Copyright ©2006 NPR. For personal, noncommercial use only. See Terms of Use. For other uses, prior permission required.

MELISSA BLOCK, host:

So how does the phone company keep track of your phone calls, and what types of calls are tracked? To answer those questions, we called Carol Wilson, editor-at-large for Telephony Magazine.

Ms. CAROL WILSON (Telephony Magazine): Today, the telephone companies operate at the core of their network using something called Signaling System 7. And what happens when you make a long distance call, when you actually lift your handset off your phone, a signal goes out in a little separate data path, very high speed data path through the network, and as you enter the digits that all goes to the network to determine whether or not the phone number you are calling is reachable, whether you called the right number, whether somebody's busy. And all of that happens in milliseconds.

And that's one of the reasons why this Signaling System 7 was implemented, so that phone companies can make more efficient use of their networks. But what happens along the way, once you're created this little out-of-band signaling path, is it enables the network to then do all kinds of things with database dips where, for example, when you call from New York to Los Angeles, the network can very quickly determine that the person in Los Angeles has paid for Caller I.D. and it will deliver not just the telephone call, but it will deliver first the Caller I.D. record, the name and the number.

BLOCK: Now, as these calls are made, records are generated, too. What's kept in those records for long distance calls?

Ms. WILSON: Very basic information, the originating phone number, the terminating phone number, the date and time of the call and the duration of the call.

BLOCK: And is that information traveling in some way on a parallel path to the call itself?

Ms. WILSON: Well, the separate little data path where the information travels in milliseconds is, again, it's an out-of-band signal so it's not on the same exact path as the phone call, but the information itself, where those kinds of records are stored, that's going to be in an operation support system of a telephone company, used for billing and that kind of thing.

BLOCK: And is that pretty much what they use it for, billing? What else might they want that information for?

Ms. WILSON: Primarily it's for billing. They're also going to be doing in some cases their own data mining to determine what they call busy hour call volumes where, for example, there might be congestion in the network. Traffic patterns to help them determine where the network needs to be upgraded. But for the most part, it's routine billing information.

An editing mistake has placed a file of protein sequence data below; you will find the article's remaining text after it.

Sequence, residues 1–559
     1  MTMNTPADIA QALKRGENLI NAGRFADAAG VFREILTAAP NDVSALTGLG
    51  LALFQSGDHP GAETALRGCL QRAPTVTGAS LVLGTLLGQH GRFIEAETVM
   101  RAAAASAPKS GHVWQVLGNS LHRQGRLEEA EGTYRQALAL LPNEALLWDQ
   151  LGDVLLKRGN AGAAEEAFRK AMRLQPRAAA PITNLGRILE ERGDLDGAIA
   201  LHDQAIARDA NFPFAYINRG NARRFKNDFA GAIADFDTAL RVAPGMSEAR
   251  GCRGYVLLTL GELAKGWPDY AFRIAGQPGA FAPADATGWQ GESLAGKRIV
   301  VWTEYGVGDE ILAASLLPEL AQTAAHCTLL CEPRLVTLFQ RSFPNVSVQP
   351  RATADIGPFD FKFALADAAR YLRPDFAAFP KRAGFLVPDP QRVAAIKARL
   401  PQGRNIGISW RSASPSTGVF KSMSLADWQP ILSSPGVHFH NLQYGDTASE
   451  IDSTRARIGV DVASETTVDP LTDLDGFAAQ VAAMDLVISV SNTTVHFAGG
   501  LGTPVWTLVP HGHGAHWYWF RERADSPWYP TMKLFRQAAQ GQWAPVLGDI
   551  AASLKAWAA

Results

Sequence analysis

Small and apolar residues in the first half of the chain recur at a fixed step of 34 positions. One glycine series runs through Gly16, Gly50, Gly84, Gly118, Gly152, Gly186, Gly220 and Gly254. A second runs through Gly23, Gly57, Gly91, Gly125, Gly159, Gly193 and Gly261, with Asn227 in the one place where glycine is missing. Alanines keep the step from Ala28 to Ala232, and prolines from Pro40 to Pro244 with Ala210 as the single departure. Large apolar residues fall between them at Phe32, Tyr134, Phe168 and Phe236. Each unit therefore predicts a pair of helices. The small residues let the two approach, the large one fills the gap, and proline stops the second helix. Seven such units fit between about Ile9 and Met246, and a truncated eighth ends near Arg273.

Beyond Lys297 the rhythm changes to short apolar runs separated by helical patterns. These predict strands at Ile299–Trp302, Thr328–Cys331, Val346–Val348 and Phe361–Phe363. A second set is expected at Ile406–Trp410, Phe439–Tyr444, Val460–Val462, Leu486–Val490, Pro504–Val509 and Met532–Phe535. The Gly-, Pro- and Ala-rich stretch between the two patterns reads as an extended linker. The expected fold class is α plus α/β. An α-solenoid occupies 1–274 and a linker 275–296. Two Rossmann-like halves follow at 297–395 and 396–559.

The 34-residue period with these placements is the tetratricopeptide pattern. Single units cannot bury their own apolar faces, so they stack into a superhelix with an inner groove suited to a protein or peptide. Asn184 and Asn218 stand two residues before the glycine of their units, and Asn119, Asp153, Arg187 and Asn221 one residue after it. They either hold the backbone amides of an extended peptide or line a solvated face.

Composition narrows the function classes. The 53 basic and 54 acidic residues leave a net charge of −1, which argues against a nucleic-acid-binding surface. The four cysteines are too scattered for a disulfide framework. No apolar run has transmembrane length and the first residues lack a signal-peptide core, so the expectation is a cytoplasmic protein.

They do turn over that information on a routine basis under subpoena and in accordance with what the letter of the law is for turning over information to law enforcement officials.

BLOCK: What about with local calls? What kinds of records are kept there?

Ms. WILSON: Well, in many areas where local service isn't measured service, where it's an unlimited service, they don't really track how long you talk or who you're calling, for that matter. Once they've delivered the information they need to deliver, they don't track that and they don't store it. In some areas, for example I live in Chicago and here AT&T is our local service provider. It does provide local measured service and so they are tracking who you're calling in order to measure the distance and bill you accordingly.

BLOCK: I wonder, hypothetically, and this is purely hypothetical, but the companies are gathering this data about the phone calls. Not the content of the phone calls. How difficult would it be to go from collecting the data of whom was called and for how long to collecting the content of that call?

Ms. WILSON: It would be dramatically different. It would be a whole different technology. At this point, they do provide law enforcement officials with the opportunity to wiretap and they have to maintain that ability for law enforcement, but those wiretaps are done under court order.

It's a very, very different thing. As I said, the data about the call travels on a whole separate path of the network. It's a very different thing than if you start collecting what people are actually saying on the phone call. It's a different technology, and it would be implemented in a very different way.

BLOCK: Carol Wilson is editor-at-large for Telephony Magazine. She spoke with us from Chicago. Carol, thanks very much.

Ms. WILSON: You're welcome.

Copyright © 2006 NPR. All rights reserved. No quotes from the materials contained herein may be used in any media without attribution to NPR. This transcript is provided for personal, noncommercial use only, pursuant to our Terms of Use. Any other use requires NPR's prior permission. Visit our permissions page for further information.

NPR transcripts are created on a rush deadline by a contractor for NPR, and accuracy and availability may vary. This text may not be in its final form and may be updated or revised in the future. Please be aware that the authoritative record of NPR's programming is the audio.

Comments

 

Please keep your community civil. All comments must follow the NPR.org Community rules and terms of use, and will be moderated prior to posting. NPR reserves the right to use the comments we receive, in whole or in part, and to use the commenter's name and location, in any medium. See also the Terms of Use, Privacy Policy and Community FAQ.